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November 18, 2021

Life-saving stroke treatment may not be as time-sensitive as previously thought

For some people, a thrombectomy can be successful up to 24 hours after symptoms begin, a new study shows

Senior Health Stroke
Stroke treatment thrombectomy Jonnica Hill/Unsplash

Time is of the essence when a person suffers a stroke. But thrombectomies, a life-saving procedure, may not be as time-sensitive as previously believed, according to research published by The Lancet.

Mechanical thrombectomy, a minimally invasive procedure to remove clots in larger, blocked blood vessels in the brain, has been around since 2004. But until several years ago, the vast majority of medical centers only used it to treat patients within six hours of symptom onset. 

Now, new research confirms that the time window in which it can be successfully performed is a lot longer than previously thought. 

Dr. Tudor Jovin, medical director of the Cooper Neurological Institute at Cooper University Health Care, was among a panel of stroke experts that examined the effectiveness of the procedure when administered 6-24 hours from stroke onset. Their findings were published in The Lancet

During an ischemic stroke, a blood vessel that delivers oxygen and nutrients to the brain is blocked by a clot. Brain cells cut off from its blood supply die, leading to life-threatening damage. This damage grows over time, spreading to more areas of the brain and affecting the patient's ability to recover. That is why timing of treatment has always been considered so important.

During medical thrombectomy, a device is slid through a small incision in the groin or wrist to remove the blood clot, Jovin explained. This is the same principle as a stent, except a stent is a tube that remains in the blood vessel to keep it open.

The procedure mostly had been restricted to stroke victims who presented within six hours of experience symptoms until recently. 

That timing also seemed to correlate with the window that was most successful for a drug called tissue plasminogen activator, or tPA, which has to be administered within 4.5 hours of symptom onset. Blood thinners and antiplatelet medications also are often given as part of treatment for stroke.

Earlier treatment was always considered better, but it turns out that brain damage does not progress at the same rate in everyone, Jovin said. For some people, it accumulates quickly, so the blood clot needs to be removed as early as possible.

However, in patients that Jovin called "slow progressors," there is an extended period of time beyond the six-hour mark when there is still salvageable brain tissue. For these patients, the procedure could still be beneficial up to 24 hours after symptom onset.

Two previous studies, the DAWN and DEFUSE 3 trials, found that thrombectomies could produce positive results when performed beyond the initial six hours if advanced imaging, such as MRIs and CT-perfusions, identified salvageable brain tissue.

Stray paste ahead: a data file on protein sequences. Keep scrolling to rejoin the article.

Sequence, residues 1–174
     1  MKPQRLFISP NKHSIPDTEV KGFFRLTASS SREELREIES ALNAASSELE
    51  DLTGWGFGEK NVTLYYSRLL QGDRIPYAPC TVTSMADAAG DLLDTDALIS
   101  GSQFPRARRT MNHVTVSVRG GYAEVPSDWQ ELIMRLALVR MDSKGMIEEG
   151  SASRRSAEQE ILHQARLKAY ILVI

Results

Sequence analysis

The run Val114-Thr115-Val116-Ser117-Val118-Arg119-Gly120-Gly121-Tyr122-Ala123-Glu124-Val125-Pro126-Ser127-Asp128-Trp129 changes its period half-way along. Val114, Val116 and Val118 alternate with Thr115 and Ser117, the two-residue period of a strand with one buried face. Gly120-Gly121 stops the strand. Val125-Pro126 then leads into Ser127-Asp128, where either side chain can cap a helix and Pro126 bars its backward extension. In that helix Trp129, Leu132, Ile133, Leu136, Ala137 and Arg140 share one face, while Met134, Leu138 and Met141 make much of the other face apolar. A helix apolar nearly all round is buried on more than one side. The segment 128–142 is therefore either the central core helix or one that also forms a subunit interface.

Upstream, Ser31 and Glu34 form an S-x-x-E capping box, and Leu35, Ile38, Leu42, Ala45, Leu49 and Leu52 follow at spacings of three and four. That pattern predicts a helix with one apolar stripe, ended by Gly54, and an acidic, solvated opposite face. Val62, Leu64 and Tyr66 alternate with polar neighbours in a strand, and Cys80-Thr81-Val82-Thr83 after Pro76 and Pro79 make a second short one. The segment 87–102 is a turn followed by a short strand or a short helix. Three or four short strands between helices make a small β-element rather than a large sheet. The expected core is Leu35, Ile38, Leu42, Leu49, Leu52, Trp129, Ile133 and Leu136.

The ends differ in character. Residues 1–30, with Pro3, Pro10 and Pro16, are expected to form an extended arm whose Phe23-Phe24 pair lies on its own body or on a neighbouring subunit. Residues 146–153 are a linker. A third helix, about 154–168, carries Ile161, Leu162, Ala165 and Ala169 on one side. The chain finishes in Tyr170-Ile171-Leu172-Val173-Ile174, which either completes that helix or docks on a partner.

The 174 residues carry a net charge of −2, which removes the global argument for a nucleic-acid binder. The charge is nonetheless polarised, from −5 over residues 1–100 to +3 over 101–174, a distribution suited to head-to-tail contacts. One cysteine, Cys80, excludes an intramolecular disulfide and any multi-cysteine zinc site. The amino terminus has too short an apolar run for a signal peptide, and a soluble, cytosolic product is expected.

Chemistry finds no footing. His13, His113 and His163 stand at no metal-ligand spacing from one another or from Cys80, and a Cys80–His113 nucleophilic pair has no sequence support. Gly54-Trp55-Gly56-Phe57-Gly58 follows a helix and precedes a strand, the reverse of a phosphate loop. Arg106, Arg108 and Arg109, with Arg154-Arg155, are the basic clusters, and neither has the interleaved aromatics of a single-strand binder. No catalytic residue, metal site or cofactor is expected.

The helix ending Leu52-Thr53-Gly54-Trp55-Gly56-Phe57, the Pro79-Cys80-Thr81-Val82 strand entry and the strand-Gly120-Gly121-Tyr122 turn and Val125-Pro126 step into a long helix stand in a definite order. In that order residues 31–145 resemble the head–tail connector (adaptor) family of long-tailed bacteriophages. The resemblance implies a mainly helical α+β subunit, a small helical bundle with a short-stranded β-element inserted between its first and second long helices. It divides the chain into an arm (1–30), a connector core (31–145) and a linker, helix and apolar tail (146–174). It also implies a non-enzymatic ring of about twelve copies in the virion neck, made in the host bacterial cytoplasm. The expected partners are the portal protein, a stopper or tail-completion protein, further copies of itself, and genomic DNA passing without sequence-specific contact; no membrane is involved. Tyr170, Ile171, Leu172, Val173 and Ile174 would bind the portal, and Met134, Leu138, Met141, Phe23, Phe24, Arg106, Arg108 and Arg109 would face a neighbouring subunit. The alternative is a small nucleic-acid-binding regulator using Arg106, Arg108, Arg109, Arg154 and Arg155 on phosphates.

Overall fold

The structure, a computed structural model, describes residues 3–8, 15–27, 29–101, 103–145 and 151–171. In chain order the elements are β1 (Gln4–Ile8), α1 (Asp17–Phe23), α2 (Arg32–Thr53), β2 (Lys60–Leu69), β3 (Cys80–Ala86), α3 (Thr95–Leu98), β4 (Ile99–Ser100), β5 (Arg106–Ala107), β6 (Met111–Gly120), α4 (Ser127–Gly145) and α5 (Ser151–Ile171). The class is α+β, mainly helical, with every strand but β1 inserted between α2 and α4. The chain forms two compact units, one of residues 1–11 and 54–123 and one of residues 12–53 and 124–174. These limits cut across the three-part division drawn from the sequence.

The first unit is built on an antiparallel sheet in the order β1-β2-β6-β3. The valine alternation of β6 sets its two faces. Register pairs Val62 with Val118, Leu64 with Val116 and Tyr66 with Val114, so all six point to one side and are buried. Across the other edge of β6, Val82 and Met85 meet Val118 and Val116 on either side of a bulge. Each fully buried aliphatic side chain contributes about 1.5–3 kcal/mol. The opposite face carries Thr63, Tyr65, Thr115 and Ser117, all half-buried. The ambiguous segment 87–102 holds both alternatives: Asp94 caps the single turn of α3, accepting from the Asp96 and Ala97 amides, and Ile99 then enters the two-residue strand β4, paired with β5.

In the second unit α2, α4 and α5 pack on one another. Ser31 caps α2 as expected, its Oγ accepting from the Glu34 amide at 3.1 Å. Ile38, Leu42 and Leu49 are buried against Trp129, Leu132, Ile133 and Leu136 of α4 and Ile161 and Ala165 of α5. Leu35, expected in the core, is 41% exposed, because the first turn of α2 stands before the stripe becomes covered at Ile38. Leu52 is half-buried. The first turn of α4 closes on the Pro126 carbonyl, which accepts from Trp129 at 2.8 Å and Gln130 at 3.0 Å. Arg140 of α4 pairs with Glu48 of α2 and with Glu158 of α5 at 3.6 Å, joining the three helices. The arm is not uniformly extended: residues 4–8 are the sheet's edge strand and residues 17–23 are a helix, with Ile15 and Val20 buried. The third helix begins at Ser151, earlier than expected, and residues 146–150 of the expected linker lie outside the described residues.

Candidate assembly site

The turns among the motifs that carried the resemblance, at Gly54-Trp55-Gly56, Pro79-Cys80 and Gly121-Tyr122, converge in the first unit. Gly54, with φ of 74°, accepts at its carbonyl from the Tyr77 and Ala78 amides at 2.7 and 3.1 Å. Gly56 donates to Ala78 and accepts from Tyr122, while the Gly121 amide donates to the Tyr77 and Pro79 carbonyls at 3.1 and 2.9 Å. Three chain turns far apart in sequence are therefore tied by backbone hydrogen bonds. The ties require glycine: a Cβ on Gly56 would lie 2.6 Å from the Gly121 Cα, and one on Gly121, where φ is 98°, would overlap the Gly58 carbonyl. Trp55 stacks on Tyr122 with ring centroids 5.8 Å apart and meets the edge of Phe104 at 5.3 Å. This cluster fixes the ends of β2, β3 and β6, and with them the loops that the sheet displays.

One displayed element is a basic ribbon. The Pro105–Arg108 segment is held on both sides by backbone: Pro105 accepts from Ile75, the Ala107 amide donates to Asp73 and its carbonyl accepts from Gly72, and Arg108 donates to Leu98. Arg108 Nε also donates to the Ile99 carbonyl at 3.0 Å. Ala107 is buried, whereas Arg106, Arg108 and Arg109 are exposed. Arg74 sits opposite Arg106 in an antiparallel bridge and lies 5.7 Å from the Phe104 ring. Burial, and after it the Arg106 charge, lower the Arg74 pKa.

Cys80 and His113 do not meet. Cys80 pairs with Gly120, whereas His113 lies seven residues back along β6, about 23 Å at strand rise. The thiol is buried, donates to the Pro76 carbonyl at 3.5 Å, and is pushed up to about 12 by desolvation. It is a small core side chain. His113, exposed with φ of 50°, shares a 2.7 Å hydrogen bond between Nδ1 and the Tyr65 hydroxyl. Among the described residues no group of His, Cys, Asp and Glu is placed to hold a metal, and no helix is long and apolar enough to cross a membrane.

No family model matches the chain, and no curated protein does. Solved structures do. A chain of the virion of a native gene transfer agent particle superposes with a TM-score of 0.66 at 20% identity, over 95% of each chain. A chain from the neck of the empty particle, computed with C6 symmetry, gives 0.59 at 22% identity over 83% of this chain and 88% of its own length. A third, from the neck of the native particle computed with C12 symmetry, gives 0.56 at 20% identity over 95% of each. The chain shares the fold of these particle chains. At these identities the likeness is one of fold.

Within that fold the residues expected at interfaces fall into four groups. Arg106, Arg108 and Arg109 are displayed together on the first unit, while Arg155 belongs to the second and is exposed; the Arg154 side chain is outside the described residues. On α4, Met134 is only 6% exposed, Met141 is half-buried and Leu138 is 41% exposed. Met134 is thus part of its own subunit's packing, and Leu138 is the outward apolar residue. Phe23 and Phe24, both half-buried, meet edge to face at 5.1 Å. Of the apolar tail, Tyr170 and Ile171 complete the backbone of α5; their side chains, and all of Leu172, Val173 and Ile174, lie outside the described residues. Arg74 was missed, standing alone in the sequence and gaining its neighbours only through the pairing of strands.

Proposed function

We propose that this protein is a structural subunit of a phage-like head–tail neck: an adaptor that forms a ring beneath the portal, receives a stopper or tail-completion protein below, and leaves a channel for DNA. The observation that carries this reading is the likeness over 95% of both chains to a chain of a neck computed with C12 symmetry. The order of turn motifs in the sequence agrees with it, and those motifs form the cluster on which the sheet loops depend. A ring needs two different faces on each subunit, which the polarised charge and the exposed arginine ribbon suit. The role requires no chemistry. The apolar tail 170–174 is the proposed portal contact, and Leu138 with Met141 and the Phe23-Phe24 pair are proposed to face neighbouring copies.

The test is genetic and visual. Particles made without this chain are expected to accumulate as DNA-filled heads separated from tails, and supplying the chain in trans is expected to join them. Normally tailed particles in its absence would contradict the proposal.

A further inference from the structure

The findings of those studies were published in the New England Journal of Medicine in 2018. Still, Jovin said a lot of questioned remained. 

For one, could simpler imaging be used by smaller community hospitals to detect salvageable brain tissue? And, do patients reap the same benefit at seven and 24 hours after symptoms begin? It also was unclear whether the mode of stroke discovery played a role in determining the patients that most benefit from a thrombectomy.

And because most of the patients in the two trials were actually randomized to the early time window, it was still unclear whether thrombectomy worked beyond the initial six hours of symptom onset.

An important discovery

This latest analysis, by Jovin and his colleagues, confirmed that the later time window is still effective for certain patients by focusing on those who fell beyond the initial six-hour window. And it addressed many of the lingering questions.

The researchers found that patients with reversible brain damage who received a thrombectomy within 6-24 hours of experiencing stroke symptoms had less disability than if they were treated with medication alone.

These findings stayed true across all ages, genders and methods of symptom discovery – upon awakening from sleep or witnessing the symptoms when they first occurred. 

For every 100 patients given a thrombectomy, 33 will be less disabled than if they only had received medication, the researchers estimated. Another 27 patients will be able to function independently within 90 days. And there was no increased safety concerns. 

The analysis conclusively shows that thrombectomies are highly effective at reducing disability in certain patients who present in a later time window, Jovin said. It also found that the procedure's benefits were stronger in patients who presented within 12-24 hours than those who presented within 6-12 hours. 

Jovin stressed that this doesn't mean that the patients treated later had better outcomes. Rather, it shows that patients who presented in the late window – but who only were treated with medical therapy – had worse outcomes.

Even in patients who were not eligible for the procedure, based on advanced imaging, showed signs that they could benefit from thrombectomies. That opens up the possibility that simpler imaging methods can be used to determine eligibility, Jovin said.

The study's findings also raised the question of whether the procedure could be successfully used beyond the initial 24 hours. Jovin said any derived benefits are due more to the presence of salvageable brain tissue – not from an arbitrarily picked time window.

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